Pompeo, on Central Asia tour, warns of China and Russia’s influence

Pompeo, on Central Asia tour, warns of China and Russia’s influence

US Secretary of State Mike Pompeo on Sunday was visiting ex-Soviet Central Asia for talks with leaders of two countries where Russia and China enjoy privileged interests.

Pompeo was to meet the leadership of oil-rich Kazakhstan in capital Nur-Sultan before flying to Uzbekistan, a country of 33 million that is emerging from nearly three decades of isolation.

The visit was part of a tour of four ex-Soviet countries.

Ahead of the visit, Pompeo stressed that the Central Asian countries on his itinerary “want to be sovereign and independent” and said Washington had “an important opportunity to help them achieve that”.

But the secretary of state also acknowledged “a lot of activity (in the region) – Chinese activity, Russian activity”.

Washington has often struggled to keep a foothold in Central Asian states that were part of the Soviet Union up to its collapse in 1991.

At the height of hostilities in Afghanistan, Nato and the United States maintained important logistics centres in the region, but these have now closed.

Russia has retained military bases and heads security and trade blocs that have helped to entrench its position there.

Central Asia increasingly looks east to China’s trillion-dollar Belt and Road global trade plan as a panacea to treat battered economies.

Uzbekistan and Kazakhstan have both seen leadership transitions since John Kerry toured the region in 2015 – the last US secretary of state to visit.

In Kazakhstan, Pompeo was to meet

President Kassym-Jomart Tokayev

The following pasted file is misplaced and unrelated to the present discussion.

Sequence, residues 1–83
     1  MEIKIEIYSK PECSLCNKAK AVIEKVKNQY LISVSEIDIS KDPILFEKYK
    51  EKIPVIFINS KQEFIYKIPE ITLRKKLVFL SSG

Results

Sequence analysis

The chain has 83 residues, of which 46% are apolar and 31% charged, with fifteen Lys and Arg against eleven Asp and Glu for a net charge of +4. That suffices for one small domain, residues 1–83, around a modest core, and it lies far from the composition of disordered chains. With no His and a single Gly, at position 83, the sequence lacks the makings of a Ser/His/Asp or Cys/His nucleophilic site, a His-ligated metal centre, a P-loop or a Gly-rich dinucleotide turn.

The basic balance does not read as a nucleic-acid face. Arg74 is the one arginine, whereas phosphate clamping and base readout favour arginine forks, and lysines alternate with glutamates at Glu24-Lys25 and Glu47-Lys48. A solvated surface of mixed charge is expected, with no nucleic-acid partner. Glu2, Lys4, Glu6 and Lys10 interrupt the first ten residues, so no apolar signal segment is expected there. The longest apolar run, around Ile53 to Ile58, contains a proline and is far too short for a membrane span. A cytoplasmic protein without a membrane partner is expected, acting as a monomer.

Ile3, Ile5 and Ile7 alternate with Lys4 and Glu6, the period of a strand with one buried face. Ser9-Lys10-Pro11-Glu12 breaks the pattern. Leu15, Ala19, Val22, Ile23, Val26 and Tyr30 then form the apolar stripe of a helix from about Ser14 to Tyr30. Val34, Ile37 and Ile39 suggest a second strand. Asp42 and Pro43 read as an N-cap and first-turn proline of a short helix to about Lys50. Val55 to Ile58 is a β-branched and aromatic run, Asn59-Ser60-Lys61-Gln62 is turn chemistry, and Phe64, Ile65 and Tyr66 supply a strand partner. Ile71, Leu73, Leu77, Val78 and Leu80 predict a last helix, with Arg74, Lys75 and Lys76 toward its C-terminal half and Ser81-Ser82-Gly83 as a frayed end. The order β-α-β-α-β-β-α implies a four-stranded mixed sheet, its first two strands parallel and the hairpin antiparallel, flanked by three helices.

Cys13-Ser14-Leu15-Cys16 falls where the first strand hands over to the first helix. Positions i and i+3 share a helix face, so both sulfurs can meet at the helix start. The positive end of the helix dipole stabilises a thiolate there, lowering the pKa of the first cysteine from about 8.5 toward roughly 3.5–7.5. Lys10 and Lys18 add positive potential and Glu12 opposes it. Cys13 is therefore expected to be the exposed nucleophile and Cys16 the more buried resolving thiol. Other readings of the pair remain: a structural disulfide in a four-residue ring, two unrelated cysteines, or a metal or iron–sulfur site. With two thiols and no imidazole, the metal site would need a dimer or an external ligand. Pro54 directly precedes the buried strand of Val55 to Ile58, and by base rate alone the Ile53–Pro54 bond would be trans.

as well as his predecessor Nursultan Nazarbayev, who last year shocked Kazakhs by retiring from the presidency after nearly three decades in office.

He began his brief visit to the country by meeting with ethnic Kazakhs whose families have gone missing or been detained in China’s crackdown on Muslims and other ethnic and religious minorities in western Xinjiang region.

In Uzbekistan, he was to hold talks with President Shavkat Mirziyoyev, who has embarked on ambitious reforms, welcoming tourism and investment in the once-isolated republic while keeping the authoritarian system intact.

Mirziyoyev’s long-ruling hardline predecessor, Islam Karimov turned his back on the United States in 2005 after a row over the Uzbek government’s bloody crackdown on protests.

The relationship had healed somewhat by the time of Karimov’s death in 2016.

Mirziyoyev, who visited Trump at the White House in 2018, has mused on the benefits of joining the Moscow-backed Eurasian Economic Union, a five-country bloc including Kazakhstan and Kyrgyzstan that is seen as a key vehicle for Russia to wield influence in the region.

In addition to holding bilateral meetings, Pompeo on Monday in Tashkent will hold a meeting with foreign ministers from all five ex-Soviet Central Asian countries – Kazakhstan, Kyrgyzstan, Tajikistan, Turkmenistan and Uzbekistan.

This format was first tried under Kerry to enhance regional, economic, environmental and security cooperation.

Pompeo’s trip has also taken in visits to Ukraine and Belarus.




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